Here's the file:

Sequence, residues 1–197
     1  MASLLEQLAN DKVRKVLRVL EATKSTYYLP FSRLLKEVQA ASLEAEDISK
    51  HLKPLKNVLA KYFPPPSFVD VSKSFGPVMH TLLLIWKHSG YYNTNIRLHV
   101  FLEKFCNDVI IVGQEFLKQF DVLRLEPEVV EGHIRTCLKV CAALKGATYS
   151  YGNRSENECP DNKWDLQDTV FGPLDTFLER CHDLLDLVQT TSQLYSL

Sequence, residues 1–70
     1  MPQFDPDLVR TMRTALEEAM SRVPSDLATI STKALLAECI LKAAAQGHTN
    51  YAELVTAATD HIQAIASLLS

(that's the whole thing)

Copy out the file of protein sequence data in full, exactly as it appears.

Sequence, residues 1–197
     1  MASLLEQLAN DKVRKVLRVL EATKSTYYLP FSRLLKEVQA ASLEAEDISK
    51  HLKPLKNVLA KYFPPPSFVD VSKSFGPVMH TLLLIWKHSG YYNTNIRLHV
   101  FLEKFCNDVI IVGQEFLKQF DVLRLEPEVV EGHIRTCLKV CAALKGATYS
   151  YGNRSENECP DNKWDLQDTV FGPLDTFLER CHDLLDLVQT TSQLYSL

Sequence, residues 1–70
     1  MPQFDPDLVR TMRTALEEAM SRVPSDLATI STKALLAECI LKAAAQGHTN
    51  YAELVTAATD HIQAIASLLS